When the unmelted bits start to sink, strain off the nice, clear lard. This is the stuff for pie crusts. If it looks like there’s still a lot of fat on what’s left, put it back on the heat to render some more. This second batch will be stronger tasting than the first, but still useful for things like cornbread and greens—and frying, of course.

Strain your rendered lard through cheesecloth into clean jars. You can store the extra in the freezer.

Happy baking!

*Yes, I know there’s “zero trans-fat per serving” Crisco now. Turns out that may be even more poisonous than the original. Are you surprised?

21 Comments »

  1. darcey said,

    November 16, 2007 @ 9:57 am

    Did you see my post on Agutuk this summer? Basically lard ice cream! Soooo good!

  2. Jenny said,

    November 16, 2007 @ 12:20 pm

    I was hoping to render some lard this summer, but never got around to it. It lends such an essential flavor and texture to pastries–and so much better for you than its industrial counterparts.

  3. crabappleherbs said,

    November 16, 2007 @ 12:49 pm

    Darcey — yes, I remember the post. It’s quite an idea, maybe I’ll be brave enough to try it someday.

    Jenny — depending on where you are, you can probably still get some fresh leaf lard. Fall is pig-harvest season, and many farmers aren’t finished until the end of November.

  4. The Ethicurean: Chew the right thing. » Blog Archive » Digest - Blogs: Let’s scrap the Farm Bill, winter marketing, the golden age of apples said,

    November 17, 2007 @ 7:12 am

    [...] Thank the Lard!: In praise and defense of pork fat. (The Herbwife’s Kitchen) [...]

  5. Persephone said,

    November 17, 2007 @ 3:18 pm

    It’s so refreshing to hear someone ELSE saying the same thing about the complete irrational-ness of the horror of lard. I’m not a fan, because we try to keep kosher in this house, but yeah, lard is no scarier than butter as far as fat is concerned. Try convincing anyone of that though. *rolleyes*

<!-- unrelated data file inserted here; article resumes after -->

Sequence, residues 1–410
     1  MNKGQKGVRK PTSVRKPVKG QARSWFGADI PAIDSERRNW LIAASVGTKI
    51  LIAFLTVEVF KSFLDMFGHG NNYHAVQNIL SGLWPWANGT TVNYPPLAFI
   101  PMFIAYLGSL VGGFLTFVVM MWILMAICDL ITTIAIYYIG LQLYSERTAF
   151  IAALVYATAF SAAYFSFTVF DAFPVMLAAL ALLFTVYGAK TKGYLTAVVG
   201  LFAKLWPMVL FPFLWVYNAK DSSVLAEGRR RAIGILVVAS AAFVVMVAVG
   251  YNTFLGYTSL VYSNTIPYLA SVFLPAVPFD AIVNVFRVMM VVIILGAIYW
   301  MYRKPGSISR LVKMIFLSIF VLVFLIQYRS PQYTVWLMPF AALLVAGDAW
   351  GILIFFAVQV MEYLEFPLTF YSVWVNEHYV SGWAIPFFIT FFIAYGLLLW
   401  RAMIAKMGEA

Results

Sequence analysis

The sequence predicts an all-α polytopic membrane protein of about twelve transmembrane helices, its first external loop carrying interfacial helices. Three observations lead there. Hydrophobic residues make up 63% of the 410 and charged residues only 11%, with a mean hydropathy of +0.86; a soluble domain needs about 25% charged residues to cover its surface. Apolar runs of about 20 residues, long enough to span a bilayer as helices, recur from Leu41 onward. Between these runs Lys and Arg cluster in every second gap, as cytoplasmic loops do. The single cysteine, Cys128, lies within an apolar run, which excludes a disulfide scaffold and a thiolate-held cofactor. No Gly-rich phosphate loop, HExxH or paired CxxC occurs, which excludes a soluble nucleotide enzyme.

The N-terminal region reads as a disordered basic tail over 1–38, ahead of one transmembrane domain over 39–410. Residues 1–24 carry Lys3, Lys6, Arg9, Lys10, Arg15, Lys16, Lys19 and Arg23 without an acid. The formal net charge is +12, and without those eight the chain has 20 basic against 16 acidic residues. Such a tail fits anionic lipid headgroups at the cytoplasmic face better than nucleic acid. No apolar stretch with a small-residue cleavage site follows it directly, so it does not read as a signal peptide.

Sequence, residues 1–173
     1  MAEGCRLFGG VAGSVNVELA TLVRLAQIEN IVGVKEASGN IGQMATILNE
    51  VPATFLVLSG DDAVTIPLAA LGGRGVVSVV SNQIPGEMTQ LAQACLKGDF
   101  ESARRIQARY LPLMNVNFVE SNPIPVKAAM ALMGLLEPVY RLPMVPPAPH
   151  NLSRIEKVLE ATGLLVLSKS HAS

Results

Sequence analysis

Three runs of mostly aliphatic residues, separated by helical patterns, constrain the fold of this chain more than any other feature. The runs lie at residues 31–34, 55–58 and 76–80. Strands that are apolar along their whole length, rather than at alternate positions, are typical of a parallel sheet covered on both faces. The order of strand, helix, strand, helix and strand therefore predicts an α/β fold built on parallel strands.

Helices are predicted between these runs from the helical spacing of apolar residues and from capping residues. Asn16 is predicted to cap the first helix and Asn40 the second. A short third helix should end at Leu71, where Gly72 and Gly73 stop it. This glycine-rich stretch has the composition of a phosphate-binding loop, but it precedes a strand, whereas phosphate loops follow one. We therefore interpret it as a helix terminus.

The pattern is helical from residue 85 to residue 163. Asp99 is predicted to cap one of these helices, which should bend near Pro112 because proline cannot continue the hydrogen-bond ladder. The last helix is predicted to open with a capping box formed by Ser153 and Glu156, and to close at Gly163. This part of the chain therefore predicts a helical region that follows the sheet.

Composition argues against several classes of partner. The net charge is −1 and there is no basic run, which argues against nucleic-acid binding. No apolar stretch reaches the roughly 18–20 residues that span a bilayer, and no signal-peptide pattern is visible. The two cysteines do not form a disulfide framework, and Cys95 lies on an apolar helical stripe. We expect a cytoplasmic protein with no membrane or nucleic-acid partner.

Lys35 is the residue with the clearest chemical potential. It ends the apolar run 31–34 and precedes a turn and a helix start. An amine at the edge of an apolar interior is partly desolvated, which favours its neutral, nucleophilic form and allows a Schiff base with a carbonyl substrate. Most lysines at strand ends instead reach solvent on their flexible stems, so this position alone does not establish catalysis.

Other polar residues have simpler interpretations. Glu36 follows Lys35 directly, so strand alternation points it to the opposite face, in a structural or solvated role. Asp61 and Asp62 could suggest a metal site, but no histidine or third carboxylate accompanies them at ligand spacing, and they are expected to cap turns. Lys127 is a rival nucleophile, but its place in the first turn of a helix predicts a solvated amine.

6. crabappleherbs said,

    November 17, 2007 @ 3:59 pm

    Hi Persephone.

    Thanks for the comment. Isn’t it mysterious and fascinating how people’s attitudes toward food develop? Lard is such a peculiar case.

    As for kashrut, I’m about to do a post on schmaltz, which is terribly kosher of course.

    I did have a few thoughts of my distant kosher-keeping ancestors rolling over in their graves as I wrote this post. But the thing is, for the last few generations at least, my Jewish ancestors have been solidly Southern. For my great-grandmother, bacon was an essential food group. Ah, the American (fat) melting pot…

  7. Kristena Dreamseeds said,

    November 17, 2007 @ 5:48 pm

    Lard is wonderful stuff. Really southern cooking is a delicious way of using every part of an animal in so many ways. I was jsut talking with a man today that loves pig intestines and belly. Odd to think of, yet I am sure I have had it in some Soul food cooking we were blessed to partake of in North Florida.

  8. Rebecca Clayton said,

    November 18, 2007 @ 10:05 am

    I’ve never made a small batch of lard–we always had cauldron full to process, and it was a job best handled outdoors if possible.

    When you make a small batch, do you get “cracklins”–the little crispy things that float to the top? They are a rich and tasty treat.